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Coreisma.addExtension("Hub", function(core) {
  var addHub = function(hubFunction) {
    core.hub = (typeof hubFunction === 'function') ? hubFunction(core) : hubFunction;
  };

  var addModule = function(moduleName, moduleFunction) {
    if (core.hub) { core.hub.register(moduleName, moduleFunction); }
  };

  var getModule = function(moduleName) {
    return (core.hub) ? core.hub.find(moduleName) : {};
  };

  var start = function() {
    core.hub.broadcast('startup.modules', core.hub);
  };

  var stop = function() {
    core.hub.broadcast('shutdown.modules', core.hub);
  };

  return {
    addHub: addHub,
    addModule: addModule,
    getModule: getModule,
    hub: {},
    start: start,
    stop: stop
  };
});

Despite the name “Hub” of the previous extension, we haven’t defined a working hub yet.

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Coreisma.addHub(function(core) {
  var modules = {},
      callBacks = {};

  var broadcast = function(eventName, data) {
    var eventCallBacks = callBacks[eventName];

    for (var i in eventCallBacks) {
      if (eventCallBacks.hasOwnProperty(i)) {
        eventCallBacks[i](data);
      }
    }
  };

  var listen = function(eventName, module) {
    if (!callBacks[eventName]) { callBacks[eventName] = []; }

    callBacks[eventName].push(module);
  };

  var register = function(moduleName, moduleDefinition) {
    var module = (typeof moduleDefinition === 'function') ? moduleDefinition(core, core.hub) : moduleDefinition;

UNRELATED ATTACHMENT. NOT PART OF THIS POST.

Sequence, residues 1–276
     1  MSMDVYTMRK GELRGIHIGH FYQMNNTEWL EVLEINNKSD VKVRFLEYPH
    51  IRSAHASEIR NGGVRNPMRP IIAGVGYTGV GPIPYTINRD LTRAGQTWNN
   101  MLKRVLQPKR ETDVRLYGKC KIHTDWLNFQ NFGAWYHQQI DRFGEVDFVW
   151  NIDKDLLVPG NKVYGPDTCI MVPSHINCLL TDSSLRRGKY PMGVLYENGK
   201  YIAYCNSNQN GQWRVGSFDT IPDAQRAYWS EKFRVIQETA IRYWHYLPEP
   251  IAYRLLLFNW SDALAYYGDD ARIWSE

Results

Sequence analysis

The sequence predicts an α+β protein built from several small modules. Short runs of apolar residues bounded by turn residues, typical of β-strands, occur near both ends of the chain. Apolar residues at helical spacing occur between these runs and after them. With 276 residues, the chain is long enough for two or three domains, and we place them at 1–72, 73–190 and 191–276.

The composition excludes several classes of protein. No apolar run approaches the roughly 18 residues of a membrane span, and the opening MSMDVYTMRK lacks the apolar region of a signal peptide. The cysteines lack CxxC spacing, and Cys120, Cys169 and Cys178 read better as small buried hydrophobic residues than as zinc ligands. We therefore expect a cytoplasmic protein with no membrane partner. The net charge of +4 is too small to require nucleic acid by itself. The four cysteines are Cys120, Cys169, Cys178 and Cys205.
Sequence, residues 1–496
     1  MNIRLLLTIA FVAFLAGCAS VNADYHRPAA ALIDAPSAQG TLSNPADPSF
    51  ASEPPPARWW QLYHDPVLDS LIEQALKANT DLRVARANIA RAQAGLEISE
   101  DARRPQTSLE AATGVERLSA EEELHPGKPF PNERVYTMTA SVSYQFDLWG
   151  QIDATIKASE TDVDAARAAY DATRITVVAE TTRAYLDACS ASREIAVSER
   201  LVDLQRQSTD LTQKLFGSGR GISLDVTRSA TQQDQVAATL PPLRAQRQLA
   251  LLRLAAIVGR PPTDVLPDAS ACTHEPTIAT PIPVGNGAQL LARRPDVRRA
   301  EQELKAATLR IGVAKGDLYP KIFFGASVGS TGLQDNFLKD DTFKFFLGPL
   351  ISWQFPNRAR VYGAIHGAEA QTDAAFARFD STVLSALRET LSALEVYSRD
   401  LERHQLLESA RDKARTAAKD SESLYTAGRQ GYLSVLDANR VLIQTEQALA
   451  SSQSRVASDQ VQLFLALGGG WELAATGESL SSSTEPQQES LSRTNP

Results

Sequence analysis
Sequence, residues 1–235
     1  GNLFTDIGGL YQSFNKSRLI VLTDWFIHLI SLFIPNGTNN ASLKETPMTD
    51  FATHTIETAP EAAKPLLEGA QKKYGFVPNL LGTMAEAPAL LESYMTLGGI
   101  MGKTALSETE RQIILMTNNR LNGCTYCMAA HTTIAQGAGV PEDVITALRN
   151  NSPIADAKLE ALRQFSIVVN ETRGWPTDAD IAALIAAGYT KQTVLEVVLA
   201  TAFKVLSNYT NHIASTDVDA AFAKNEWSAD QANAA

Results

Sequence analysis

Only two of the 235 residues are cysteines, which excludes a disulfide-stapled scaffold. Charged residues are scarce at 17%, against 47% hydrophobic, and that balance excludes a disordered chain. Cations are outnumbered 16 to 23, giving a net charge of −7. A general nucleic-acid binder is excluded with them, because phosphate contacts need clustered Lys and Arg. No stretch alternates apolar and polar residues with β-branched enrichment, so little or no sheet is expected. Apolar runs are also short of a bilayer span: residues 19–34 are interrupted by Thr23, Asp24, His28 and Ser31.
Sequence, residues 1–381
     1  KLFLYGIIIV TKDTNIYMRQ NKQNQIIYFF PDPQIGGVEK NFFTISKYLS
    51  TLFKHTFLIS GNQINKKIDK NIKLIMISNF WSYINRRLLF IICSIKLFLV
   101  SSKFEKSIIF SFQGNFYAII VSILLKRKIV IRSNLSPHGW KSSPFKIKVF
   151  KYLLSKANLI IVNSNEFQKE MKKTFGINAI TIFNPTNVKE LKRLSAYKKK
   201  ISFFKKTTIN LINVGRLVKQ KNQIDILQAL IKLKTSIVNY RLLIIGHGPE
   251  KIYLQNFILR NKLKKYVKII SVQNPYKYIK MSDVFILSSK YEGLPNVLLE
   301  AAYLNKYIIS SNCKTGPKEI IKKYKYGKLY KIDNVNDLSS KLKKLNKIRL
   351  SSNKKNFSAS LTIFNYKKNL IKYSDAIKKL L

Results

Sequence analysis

modules[moduleName] = module;

    if (typeof module.init === 'function') { listen('startup.modules', module.init); }
    if (typeof module.shutdown === 'function') { listen('shutdown.modules', module.shutdown); }
  };

  var find = function(moduleName) {
    return modules[moduleName];
  };

  return {
    listen: listen,
    broadcast: broadcast,
    register: register,
    find: find
  };
});

The Hub exposes four functions: register, find, listen, and broadcast. They do what you expect them to do.

  • register makes a module known. It passes the core and hub to the module to work with and automatically sets up a modules init and shutdown functions

  • find retrieves a module by name.

  • listen setups up a callback when a certain event happens.

  • broadcast declares that a certain event has happened to all listeners.

Wrapping up

A scalable javascript architecture brings stability and standardization to any project. Coreisma is my attempt to implement the ideas from Nicholas Zakas. I am proud of how straight-forward Coreisma turned out.

At Benefit Data Trust we have be been using Coreisma in production as a trial for months now. As we start to migrate all of our javascript to use coreisma, I suspect best practices and patterns will emerge. We will be able to distinguish what should be an extension. Or standardize the format for data passed between listener and broadcasts.

There is room to grow with Coreisma but I think this spunky architecture has a bunch of potential.